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In this project I am going to investigate the factors which affect how a bridge bends, and how its sag varies because of the input factors.

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        In this project I am going to investigate the factors which affect how a bridge bends, and how its sag varies because of the input factors.

        In general, sags can vary because of a series of input factors, such as the difference in mass, i.e. the load, applying on the bridge, also the difference of its position; the material the bridge made of, in terms of the differences of density; the type the bridge has been designed, such as an arch bridge and a beam bridge are only being supported at two points; a cantilever bridge is being supported by three or more points. The length, width and the thickness of the bridge (i.e. difference in volume).

        The bridge bends under a mass, which can be a static force, less likely to break the bridge, or a dynamic force, more likely to break a bridge. The sag depends the compression (Fig. 1) and, the tension being made to the bonds between atoms of the bridge material.







Fig. 1 A force being exterted onto a bridge


        This investigation focuses on only: -

  1. how sag changes when mass varies when distance between load and pivot is constant;
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Graphically, I predict that the sag increased constantly would be directly-proportional to the increase of mass, i.e. a straight slope on the graph heading to the top right-hand corner, until it reaches its elastic limit (the yield point).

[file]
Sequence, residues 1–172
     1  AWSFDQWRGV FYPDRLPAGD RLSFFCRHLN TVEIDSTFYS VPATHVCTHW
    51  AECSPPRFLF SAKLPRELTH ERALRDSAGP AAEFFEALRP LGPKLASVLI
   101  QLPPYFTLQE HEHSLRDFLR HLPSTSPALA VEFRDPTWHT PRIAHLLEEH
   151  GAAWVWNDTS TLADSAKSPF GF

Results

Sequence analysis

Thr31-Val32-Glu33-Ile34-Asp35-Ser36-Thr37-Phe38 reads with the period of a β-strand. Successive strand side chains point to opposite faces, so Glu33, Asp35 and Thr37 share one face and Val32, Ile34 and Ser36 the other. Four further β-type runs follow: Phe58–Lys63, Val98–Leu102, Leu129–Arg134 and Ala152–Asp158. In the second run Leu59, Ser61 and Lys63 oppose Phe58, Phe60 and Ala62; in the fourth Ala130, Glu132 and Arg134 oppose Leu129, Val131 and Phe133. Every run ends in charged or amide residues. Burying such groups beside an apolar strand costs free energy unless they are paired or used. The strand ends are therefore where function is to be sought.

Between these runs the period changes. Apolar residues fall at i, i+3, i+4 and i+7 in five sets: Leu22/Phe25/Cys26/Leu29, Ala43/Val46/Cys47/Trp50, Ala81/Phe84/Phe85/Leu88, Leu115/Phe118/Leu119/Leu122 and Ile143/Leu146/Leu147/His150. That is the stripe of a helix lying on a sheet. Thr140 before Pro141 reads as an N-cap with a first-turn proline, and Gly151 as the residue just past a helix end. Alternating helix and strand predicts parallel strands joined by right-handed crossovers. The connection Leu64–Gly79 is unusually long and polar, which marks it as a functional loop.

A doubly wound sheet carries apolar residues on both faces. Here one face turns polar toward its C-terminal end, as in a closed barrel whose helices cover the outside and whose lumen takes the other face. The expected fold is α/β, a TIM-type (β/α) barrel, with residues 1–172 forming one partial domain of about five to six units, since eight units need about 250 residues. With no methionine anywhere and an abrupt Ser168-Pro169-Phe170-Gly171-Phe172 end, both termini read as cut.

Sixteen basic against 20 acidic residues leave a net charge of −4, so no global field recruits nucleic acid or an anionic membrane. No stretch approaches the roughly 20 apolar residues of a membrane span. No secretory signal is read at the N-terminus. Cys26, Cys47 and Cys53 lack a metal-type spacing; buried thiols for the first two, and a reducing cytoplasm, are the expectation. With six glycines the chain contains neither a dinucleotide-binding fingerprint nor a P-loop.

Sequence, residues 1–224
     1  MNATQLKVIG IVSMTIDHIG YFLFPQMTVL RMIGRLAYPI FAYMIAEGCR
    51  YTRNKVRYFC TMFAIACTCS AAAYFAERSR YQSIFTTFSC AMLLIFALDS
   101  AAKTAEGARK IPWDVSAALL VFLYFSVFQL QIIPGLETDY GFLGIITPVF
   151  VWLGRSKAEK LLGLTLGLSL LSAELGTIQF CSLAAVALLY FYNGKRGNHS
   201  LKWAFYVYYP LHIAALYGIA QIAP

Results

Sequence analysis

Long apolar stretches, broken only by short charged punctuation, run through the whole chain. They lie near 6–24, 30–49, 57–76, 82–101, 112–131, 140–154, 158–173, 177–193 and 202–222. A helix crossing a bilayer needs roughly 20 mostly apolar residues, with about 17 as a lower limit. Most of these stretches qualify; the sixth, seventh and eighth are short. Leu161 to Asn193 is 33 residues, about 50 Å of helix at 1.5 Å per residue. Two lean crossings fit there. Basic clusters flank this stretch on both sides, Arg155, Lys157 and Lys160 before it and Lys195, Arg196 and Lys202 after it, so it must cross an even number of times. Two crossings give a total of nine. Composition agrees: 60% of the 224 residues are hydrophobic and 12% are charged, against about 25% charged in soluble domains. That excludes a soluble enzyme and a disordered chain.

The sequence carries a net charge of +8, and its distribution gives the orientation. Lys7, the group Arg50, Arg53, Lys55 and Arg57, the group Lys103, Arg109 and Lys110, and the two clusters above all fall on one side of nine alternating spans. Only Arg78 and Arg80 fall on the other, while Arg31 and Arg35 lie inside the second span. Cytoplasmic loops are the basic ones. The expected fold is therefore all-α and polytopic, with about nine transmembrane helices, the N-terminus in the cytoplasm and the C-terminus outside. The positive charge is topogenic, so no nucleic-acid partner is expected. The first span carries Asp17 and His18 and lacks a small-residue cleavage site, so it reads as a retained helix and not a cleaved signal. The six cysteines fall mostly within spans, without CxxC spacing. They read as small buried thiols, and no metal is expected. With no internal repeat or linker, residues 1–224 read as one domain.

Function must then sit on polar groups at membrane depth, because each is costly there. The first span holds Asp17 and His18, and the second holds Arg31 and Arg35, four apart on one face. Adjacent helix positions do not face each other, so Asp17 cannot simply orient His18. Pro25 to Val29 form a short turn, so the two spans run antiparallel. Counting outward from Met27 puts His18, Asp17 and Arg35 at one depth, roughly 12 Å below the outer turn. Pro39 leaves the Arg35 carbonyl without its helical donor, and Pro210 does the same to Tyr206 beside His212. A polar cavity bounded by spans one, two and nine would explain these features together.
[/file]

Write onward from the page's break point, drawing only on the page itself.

Varying distance

The sag of a bridge also affected by the change in length. The length is the distance between one of the two pivots and the load in the middle, which means there are two sets of identical rotations, one is clockwise and one is anti-clockwise, are taking place at the same time, this is because of moments.




Fig. 3 The motions when a sag occurs

The moment of force or the turning effect depends on both the size of force and how far it is applied from the fulcrum. It is measured by multiplying the force by the perpendicular distance from the pivot, i.e. Moment = F × d.

        Ignoring one of the two identical turning effects, we are going to investigate how sag is affected by the distance from the pivot to the load.






Fig. 4 The moment acting on the left half of a bending bridge

        As Moment = F × d

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        I predicted that Sαm, sag of a bridge is directly proportional to the mass applied on it, which this idea was taken from Hooke’s Law focusing on the extension of a spring, is directly proportional to the stretching force. After doing the “varying mass” experiment, I found that Sαm. I predicted correctly.

        I also predicted that sag is the moment, multiplying force and distance; as

I predict that sag, which is the moment (= F × d) of the turning effect would vary proportionally when distance varies. Same for the sag of a bridge, which would vary proportionally as distance varies. After doing the “varying distance experiment, I discovered that my prediction is only partly correct. Sag is not directly proportional to distance, in fact, sag is directly proportional to distance3, Sαd3.


This investigation of the sag of a bridge has been done smoothly. Inaccuracy of results could be made by many factors. It was difficult to make an accurate point M (the middle point) and keep both sides absolutely identical to each other. It was in fact impossible to sellotape the needle and apply a mass at the same point, M. Therefore, measurements could not be read accurately and formed errors.


...read more.

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